Gary Clark Jr. Commodore Ballroom, Vancouver BC, April 12
Published Apr 13, 2016The vibe surrounding Gary Clark Jr. and his band of Johnnys (Johnny Radelat on drums and Johnny Bradley on bass) was one of calm, cool collectedness as they wandered out onto the Commodore stage last night (April 12) to a rendition of Earl King's "Those Lonely, Lonely Nights," a feeling maintained even as their set reached well into its second hour. Clark was selective in his banter, sprinkling the odd mumbled gratitude throughout but electing mostly to let his music speak for itself.
Truly, there was no doubt regarding Clark's skill. He consistently delivered epic, Hendrix-ian solos with blistering fretwork and a myriad of manipulated tones, going perfectly off-script on just about every track, while his voice alternated between typically bluesy Johnny "Guitar" Watson broke-down drawl and a sweetly shimmering Al Green falsetto.
With the bespectacled Bradley blending into the shadows, save the rumble of his bass emanating from the fog, and an occasional (and well-deserved) spotlight blazing up Radelat, the beefy, tank-topped drum machine who put his bulging biceps to good use, "Travis County" had the propulsive energy of "Jim Dandy" by Black Oak Arkansas. "Ain't Messin' 'Round" had a "Memphis Soul Stew" boil going, while "Don't Owe You A Thang" took them down to the "Crossroads" of Cream. They had their classic R&B, soul and blues-tinged sound nailed down.
The crowd got right into it, with several plumes of pot smoke wafting up during the soulful ballad "Our Love," and later, after "Please Come Home," the audience started an impromptu "Gary! Gary! Gary!" chant that Radelat quickly added kicks to, to underscore its beat. Clark seemed momentarily taken aback by all the love — it must be quite a trip to go from opening for the Foo Fighters at Rogers Arena in September to selling out back-to-back dates at the Commodore half a year later on the same tour, and still get that kind of response. When the "Gary!" chant popped up again during the wait for the encore, Clark sincerely thanked them for it. Though a man of few words, he was thoroughly courteous, with a modest "aw shucks" hiccup in his delivery.
An hour into the set, during "Please Come Home," Clark cut his solo short, and merely sidestepped for a few bars. He said he just wanted to hear it for a minute, but he probably needed, and certainly deserved, the break. His whole band showed impressive endurance in pulling this lengthy set together so smoothly. The Johnnys also took a little breather, in the encore. Clark returned to the stage solo, knocking out the rhythm for "Things Are Changin'" on his guitar as he played and sang. Adding a spoonful of harmonica for "Church" gave him a vintage Bob Dylan aura, while Radelat quietly snuck onstage to add a lumbering kick and tambourine beat.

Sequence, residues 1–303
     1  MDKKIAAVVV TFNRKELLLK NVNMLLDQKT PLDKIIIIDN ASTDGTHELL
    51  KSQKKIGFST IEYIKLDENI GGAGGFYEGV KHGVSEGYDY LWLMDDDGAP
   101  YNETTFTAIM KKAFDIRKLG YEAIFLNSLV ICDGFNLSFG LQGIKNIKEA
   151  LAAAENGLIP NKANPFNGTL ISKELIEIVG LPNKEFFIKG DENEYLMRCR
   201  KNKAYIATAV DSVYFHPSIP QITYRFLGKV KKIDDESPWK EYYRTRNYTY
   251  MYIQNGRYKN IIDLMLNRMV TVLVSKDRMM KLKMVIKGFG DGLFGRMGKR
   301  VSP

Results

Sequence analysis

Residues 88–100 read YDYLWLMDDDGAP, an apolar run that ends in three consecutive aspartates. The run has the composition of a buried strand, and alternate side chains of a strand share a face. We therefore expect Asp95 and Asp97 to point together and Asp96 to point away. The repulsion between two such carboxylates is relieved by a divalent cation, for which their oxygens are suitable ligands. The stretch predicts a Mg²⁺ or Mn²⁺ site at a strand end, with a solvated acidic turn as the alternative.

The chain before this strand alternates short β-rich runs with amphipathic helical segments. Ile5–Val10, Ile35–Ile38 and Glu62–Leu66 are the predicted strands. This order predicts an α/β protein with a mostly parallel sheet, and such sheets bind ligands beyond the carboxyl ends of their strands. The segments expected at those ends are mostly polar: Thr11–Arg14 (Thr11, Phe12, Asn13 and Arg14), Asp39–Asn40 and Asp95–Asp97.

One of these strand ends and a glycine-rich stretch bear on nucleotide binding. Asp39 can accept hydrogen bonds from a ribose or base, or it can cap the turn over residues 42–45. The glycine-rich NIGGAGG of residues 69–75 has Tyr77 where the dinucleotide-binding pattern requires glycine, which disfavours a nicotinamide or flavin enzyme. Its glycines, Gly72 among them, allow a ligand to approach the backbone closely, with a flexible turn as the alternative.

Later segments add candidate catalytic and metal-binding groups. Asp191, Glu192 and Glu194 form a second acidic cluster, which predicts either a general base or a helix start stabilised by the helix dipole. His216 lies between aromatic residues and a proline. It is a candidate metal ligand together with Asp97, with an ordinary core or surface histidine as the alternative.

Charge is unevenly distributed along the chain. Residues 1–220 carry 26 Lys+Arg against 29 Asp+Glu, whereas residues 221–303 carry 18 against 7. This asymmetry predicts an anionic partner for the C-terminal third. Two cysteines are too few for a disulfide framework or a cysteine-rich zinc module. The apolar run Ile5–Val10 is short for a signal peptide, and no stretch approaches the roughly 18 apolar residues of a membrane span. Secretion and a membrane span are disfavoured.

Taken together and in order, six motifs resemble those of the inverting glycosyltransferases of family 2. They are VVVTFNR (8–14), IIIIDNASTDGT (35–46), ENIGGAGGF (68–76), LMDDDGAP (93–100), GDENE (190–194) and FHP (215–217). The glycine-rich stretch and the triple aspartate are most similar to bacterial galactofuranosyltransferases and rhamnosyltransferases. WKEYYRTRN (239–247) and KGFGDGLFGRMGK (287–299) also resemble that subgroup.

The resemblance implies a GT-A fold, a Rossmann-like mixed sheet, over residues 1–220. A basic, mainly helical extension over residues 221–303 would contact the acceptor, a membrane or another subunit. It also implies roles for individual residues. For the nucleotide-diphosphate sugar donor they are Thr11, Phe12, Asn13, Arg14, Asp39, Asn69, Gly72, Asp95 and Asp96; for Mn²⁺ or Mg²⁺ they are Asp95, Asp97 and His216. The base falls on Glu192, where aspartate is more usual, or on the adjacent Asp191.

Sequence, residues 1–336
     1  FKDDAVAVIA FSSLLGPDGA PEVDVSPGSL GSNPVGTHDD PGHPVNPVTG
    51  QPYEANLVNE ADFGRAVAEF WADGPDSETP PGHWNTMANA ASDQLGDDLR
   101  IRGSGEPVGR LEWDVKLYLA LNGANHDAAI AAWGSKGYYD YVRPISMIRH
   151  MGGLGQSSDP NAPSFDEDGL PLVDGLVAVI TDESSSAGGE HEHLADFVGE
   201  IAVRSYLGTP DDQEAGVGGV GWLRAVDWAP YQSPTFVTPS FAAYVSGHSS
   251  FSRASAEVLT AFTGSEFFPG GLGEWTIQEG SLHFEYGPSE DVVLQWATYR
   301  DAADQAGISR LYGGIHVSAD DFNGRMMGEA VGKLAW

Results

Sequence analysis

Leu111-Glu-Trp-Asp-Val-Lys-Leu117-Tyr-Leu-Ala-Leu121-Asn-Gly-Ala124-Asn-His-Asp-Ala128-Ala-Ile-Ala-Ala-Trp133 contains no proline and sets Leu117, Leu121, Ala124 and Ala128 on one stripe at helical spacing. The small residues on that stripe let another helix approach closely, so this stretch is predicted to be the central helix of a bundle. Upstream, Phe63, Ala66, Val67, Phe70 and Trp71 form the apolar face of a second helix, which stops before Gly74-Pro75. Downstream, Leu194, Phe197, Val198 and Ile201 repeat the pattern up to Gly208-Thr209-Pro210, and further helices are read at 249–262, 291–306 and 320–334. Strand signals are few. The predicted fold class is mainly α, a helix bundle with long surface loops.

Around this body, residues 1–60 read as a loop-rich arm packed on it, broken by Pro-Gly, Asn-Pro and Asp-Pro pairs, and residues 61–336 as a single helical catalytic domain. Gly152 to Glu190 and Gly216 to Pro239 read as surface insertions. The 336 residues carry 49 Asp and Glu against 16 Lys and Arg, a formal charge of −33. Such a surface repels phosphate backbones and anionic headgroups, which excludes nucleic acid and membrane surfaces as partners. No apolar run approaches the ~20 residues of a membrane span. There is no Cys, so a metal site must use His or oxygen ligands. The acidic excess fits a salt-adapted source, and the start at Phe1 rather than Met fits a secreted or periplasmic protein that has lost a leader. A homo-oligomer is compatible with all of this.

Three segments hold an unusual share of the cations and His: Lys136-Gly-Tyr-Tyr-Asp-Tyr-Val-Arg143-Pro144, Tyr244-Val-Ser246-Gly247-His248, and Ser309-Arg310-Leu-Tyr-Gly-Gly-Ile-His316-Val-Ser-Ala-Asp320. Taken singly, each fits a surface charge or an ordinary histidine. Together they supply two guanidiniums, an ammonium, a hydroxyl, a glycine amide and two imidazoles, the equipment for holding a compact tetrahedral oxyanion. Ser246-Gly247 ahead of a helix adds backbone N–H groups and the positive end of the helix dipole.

After the sleepy bedroom jam "Down To Ride" got the band back together, Clark raised a glass and gave a final cheers before dropping into "The Healing," which was basically the mission statement from his 2015 album, The Story of Sonny Boy Slim. In singing about how his music heals and sets him free, the finale gave him another opportunity for a face melting solo of murky wah-wah, teased whammy and fine-tuned distortion.
Ultimately, though, Clark's sound is still more House of Blues than actual blues, more in line with Ten Years After or Savoy Brown's coming along after the fact than Muddy Waters or Howlin' Wolf's creating the moment. Clark had great tone and dexterous fingering, and his band supporting him every step of the way, but there were lots of cliché crutches, unimaginative riffs and arrangements that took some of the bite away from his skill. If you always know when someone is going to be spontaneous, it's not much of a surprise.
As a songwriter, Clark hasn't quite shown the original creative spark that made Dylan, Prince, Hendrix or George Clinton who they were, but he's far more convincing and impressive than Hozier at doing a somewhat similar thing. Clark has the passion and honesty to get up there with the greats, if only he lets the beast of inspiration loose. It would be transcendent to see him go off the progressive, psychedelic Funkadelic deep end, as he clearly has the talent to pull off extended Eddie Hazel-esque solos.